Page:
Yeah, zoos are fun. So are cartoons. And I certainly see the appeal of a teddy bear.
But why are kids so over-the-top crazy about animals? I am especially struck by the fact that some of the most popular cartoon and children’s-book animals are among the least appealing animals in real life. Mice, for instance. And pigs and rats and bears and fish.
Here’s what I read the other day in the class newsletter my daughter brought home from kindergarten:
Post Office Money Update: After a vote among all four K classes about how to spend this money, “Animals” received the most votes. (Other choices were Kids, Grown-Ups, and the Earth.) Please let us know if you are aware of any reputable organizations which are devoted to animals.
I wouldn’t expect kids to want to give any of their money to grown-ups. And while kids may be helping to drive awareness of climate change, “the Earth” is a pretty amorphous target.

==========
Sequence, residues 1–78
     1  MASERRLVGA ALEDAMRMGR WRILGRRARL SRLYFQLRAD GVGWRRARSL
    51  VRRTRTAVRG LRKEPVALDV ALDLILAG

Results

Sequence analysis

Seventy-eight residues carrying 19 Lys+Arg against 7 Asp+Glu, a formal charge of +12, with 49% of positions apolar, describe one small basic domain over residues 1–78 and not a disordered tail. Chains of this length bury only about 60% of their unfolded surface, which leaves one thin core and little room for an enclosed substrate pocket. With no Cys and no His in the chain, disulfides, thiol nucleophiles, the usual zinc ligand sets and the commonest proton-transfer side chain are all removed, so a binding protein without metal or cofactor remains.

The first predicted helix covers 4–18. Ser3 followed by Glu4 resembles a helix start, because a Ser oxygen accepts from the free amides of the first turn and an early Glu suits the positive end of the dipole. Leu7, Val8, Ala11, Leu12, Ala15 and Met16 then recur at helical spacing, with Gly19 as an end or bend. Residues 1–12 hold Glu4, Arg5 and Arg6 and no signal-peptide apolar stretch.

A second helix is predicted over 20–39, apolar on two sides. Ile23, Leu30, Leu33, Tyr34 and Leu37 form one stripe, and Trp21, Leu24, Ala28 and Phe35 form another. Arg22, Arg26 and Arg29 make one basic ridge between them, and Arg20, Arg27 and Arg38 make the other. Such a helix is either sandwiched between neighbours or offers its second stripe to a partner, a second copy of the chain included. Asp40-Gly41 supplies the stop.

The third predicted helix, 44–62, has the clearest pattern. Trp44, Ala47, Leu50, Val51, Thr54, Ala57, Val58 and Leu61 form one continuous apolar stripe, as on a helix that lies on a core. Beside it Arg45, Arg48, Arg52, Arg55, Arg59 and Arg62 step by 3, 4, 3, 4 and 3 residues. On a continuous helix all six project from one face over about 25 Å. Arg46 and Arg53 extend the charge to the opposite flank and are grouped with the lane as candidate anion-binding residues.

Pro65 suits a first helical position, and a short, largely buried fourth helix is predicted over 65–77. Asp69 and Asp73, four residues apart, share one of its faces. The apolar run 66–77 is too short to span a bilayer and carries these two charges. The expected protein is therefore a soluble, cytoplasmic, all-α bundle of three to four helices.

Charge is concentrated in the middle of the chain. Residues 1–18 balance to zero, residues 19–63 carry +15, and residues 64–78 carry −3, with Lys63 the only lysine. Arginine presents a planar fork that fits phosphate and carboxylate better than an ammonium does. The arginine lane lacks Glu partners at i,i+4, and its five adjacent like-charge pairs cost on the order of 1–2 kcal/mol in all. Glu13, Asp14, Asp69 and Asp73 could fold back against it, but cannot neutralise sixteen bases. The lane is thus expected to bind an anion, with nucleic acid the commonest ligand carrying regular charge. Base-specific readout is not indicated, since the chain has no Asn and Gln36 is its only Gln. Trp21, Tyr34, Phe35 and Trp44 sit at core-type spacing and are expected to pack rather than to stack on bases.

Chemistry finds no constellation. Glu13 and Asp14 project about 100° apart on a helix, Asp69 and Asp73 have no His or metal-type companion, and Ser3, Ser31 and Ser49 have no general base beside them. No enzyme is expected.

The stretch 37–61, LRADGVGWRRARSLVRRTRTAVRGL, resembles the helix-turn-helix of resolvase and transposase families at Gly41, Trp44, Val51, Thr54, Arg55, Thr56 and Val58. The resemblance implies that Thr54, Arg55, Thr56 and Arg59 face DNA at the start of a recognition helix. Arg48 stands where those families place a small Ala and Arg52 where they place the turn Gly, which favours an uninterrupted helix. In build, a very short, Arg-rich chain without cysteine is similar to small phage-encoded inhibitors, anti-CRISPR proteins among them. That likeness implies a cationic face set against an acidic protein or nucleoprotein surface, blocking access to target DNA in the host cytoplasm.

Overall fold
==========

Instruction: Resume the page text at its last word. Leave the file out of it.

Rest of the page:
But I have to say that I am constantly surprised by how devoted kids are to animals, even if that devotion doesn’t seem to last into adulthood for most of us. (See, for instance, the dearth of interest in animals in this philanthropy bleg.)
Can anyone explain it?
I have a few rough thoughts:
1. Animals are simply cute and cuddly — at least in the abstract, and in cartoons.
2. Animals seem vulnerable, and kids want to take care of them — or, conversely:
3. Animals seem vulnerable, and kids want to control them.
4. Animals are a sort of proxy for kids in that kids are relatively powerless compared to adults whereas animals are relatively powerless compared to people.